The challenge present within public schools across the country is not one that is limited to assessment. Sure, the old “teaching to the test” argument is valid because students do become incentivized to only learn the material in order to score highly on the exam. However, until our federal government implements a policy that does not award schools with funding based off of positive test scores, students’ learning will always be in conjunction with test-taking strategies.

Schools have little motivation to implement creative and diverse assessments in the classroom because our current system benefits those that master the standardize test. Holistic assessments do have many positive benefits for learning inside the classroom, but all of these benefits will never surface without a mindset shift within our federal government.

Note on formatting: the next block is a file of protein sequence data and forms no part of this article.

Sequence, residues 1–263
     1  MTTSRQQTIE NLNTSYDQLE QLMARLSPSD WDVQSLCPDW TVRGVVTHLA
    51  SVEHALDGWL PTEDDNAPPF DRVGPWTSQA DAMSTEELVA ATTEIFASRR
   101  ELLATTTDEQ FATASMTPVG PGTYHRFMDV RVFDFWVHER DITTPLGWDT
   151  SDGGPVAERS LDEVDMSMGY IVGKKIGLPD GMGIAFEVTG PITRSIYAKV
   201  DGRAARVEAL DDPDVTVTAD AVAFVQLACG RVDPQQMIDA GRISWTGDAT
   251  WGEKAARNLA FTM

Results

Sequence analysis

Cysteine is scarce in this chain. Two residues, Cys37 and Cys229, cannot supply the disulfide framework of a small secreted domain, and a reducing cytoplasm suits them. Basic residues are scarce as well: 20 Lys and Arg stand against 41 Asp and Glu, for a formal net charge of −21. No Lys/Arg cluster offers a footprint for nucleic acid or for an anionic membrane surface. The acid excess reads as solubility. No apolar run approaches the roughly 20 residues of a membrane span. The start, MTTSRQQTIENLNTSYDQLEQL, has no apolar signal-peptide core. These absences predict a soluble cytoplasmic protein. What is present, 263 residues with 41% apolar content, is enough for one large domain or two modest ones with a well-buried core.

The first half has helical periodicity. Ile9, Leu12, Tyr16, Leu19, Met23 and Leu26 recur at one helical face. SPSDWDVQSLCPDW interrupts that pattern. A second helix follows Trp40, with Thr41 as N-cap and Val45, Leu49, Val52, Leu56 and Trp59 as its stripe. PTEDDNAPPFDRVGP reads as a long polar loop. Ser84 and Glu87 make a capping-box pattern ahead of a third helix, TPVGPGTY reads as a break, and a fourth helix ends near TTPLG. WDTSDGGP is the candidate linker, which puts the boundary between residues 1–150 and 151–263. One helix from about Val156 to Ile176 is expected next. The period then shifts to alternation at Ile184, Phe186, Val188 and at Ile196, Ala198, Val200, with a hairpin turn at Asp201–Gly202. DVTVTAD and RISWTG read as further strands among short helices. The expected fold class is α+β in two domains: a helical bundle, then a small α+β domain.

According to Erik Torenberg, “If a school’s ultimate goal is to get its students into a top college and a subsequent high-paying job, then yes, a focus on test-taking and test preparation is conducive to such a goal” (Where’s the finish line?, 01/17/2011). Well actually Erik, you’re wrong. Schools that focus on test-taking strategies aren’t only concerned about getting their students into top-paying jobs.

If schools want to continue to receive federal funding, and therefore provide endless opportunities to their students, they have no choice but to emphasize the importance of tests. Besides, college requires a vast amount of critical thinking — a skill that isn’t learned through test taking. Schools need to do a lot more than prepare students for examinations if their main goal is to help students enter college. So we need to not be so quick to blame the schools and teachers for the inequalities in education across the country, but rather the policy makers that have the final say.

Steven Benson
LSA senior

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